40 Days to Leave Your Lover / 40 Giorni di Lasciare il Tue Amante

To me, cities are more than systems or even complex organisms—they are very much like people. They aspirate, they have a circulatory flow, a heart, a skeletal framework. Streets are blood vessels; the downtown center is the body’s core.  The buzz during the day is thoughts; nightlife could be called dreams. They have personality.

Like people, cities can be welcoming or angry, inspiring, lazy or stupid, a passionate temptress of ideas, frustrating, lusty, tiresome or unbearable, unchanging—or ever-changing. Sometimes, cities help you figure out who you are or who you want to be. They can be trustworthy…or deceiving.

Perhaps the best metaphor for a city is that of a lover.

We’ve all had relationships we’ve tired of quickly (Phoenix and Las Vegas top my list…and someone named Sean.) Then there are those that remain through good times and bad, changing from year to year, but always growing more complex and rich in the transformation. These are the relationships that surprise us, allow us to struggle and grow, the hard ones without which we wouldn’t be who we are.

Yet, sometimes even these relationships are ones we have to leave—at least, for a time.

The days are quickly ticking off my calendar while my to-do lists grow evermore insurmountable. Pressure at work is screwing down tightly from below and above, and I struggle with balancing a desperate need for a few moments of repose with missing out on one friend’s return from Afghanistan, another friend’s first-time visit to Seattle, and the celebration of a dear friend’s wedding celebration. (However, Jessica is very excited that I’ve agreed to go whitewater rafting for her bachelorette party in July. Hopefully, I will survive in order to make it to Italy.)

In spite of these moving parts—the what-ifs and the unknowns, the vast potential of all the balls in the air here in Seattle—there is something compelling about the inevitability of leaving. I can’t explain it, but I know in [my few] quiet moments that the best thing for me is to Seattle pried right out of my grasping hands.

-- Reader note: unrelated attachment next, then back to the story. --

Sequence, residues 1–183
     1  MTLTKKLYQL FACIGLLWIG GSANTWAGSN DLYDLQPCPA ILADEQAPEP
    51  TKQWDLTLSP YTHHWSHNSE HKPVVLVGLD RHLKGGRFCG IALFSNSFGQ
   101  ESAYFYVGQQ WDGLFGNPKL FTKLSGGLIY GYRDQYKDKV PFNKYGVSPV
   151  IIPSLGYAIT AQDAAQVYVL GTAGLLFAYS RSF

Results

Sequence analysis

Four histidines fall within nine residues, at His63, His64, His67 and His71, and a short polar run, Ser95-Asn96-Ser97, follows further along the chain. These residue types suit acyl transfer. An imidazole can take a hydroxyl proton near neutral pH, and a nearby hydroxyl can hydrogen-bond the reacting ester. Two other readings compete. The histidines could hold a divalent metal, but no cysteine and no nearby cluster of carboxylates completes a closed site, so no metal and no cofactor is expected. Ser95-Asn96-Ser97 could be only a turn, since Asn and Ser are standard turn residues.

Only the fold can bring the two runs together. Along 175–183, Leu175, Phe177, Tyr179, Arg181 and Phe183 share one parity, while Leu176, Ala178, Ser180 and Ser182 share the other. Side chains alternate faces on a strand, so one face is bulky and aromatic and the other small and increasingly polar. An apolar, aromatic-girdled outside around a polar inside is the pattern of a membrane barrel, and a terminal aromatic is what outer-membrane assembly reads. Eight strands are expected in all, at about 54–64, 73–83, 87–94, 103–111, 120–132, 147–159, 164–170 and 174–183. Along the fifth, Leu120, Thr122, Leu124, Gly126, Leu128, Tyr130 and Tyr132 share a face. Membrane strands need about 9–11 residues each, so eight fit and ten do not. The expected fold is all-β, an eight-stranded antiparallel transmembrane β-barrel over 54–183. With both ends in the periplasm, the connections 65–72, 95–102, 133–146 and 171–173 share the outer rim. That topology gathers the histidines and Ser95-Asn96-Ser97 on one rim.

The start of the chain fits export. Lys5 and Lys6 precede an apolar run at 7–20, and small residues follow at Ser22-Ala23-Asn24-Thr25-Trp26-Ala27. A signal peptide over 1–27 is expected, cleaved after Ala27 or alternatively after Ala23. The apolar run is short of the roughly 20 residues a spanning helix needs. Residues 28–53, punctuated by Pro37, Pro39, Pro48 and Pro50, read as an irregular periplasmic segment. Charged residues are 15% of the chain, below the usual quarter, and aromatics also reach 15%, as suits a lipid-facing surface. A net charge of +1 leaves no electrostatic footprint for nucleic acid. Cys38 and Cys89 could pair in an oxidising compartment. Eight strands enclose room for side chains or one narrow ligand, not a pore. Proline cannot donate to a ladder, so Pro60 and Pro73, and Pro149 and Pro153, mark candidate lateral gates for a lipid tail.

When I checked the box for consideration of both the one and two month fellowships on my application, it was not a ho-hum choice; I was hoping to be given the harder assignment—one that would forcibly remove me from my comfort zone, compel me to make hard choices, challenge me to try something I was hesitant of, and push me to be a writer in a way that I could never deliver upon alone. I was ready for it, so I put myself in the path of the twister, hoping to be swept up.

(I laughed aloud as I wrote this, acknowledging that I am also drawn to love relationships that accomplish the same…)

For my money, endings such as these, all endings really, are vastly important; after all, endings are the beginning of a beginning. With that, the beginning of my farewell—

Cara Seattle,
We’ve been together for nine years, and I have learned much from you. In you I’ve felt lost, deserted, desperate—and discovered. The first time I returned on a flight and sighed, “Thank God I’m home,” I knew that it was serious. There’s something real—and rare—between us, in spite of the bullshit and the irritation.

Bullshit and irritation come with every city. Yet, the friends I’ve found, the food, the drinks, the partners, the work, the sunsets, the mist, the coffee, the green, the salt smell, the flowers, the boats, the farmer’s markets, the warm hearts, the quick minds… They are all part of you, and they’ve formed a bridge to now.

 I’m leaving in 40 days, and you can’t stop me. When I return, I’ll be different. What we had before I left will be in the past. I’m not sure of the woman I’ll become, but I do know one thing: without you, she wouldn’t exist.
Un abbraccio, cara città,
Tua Gabri

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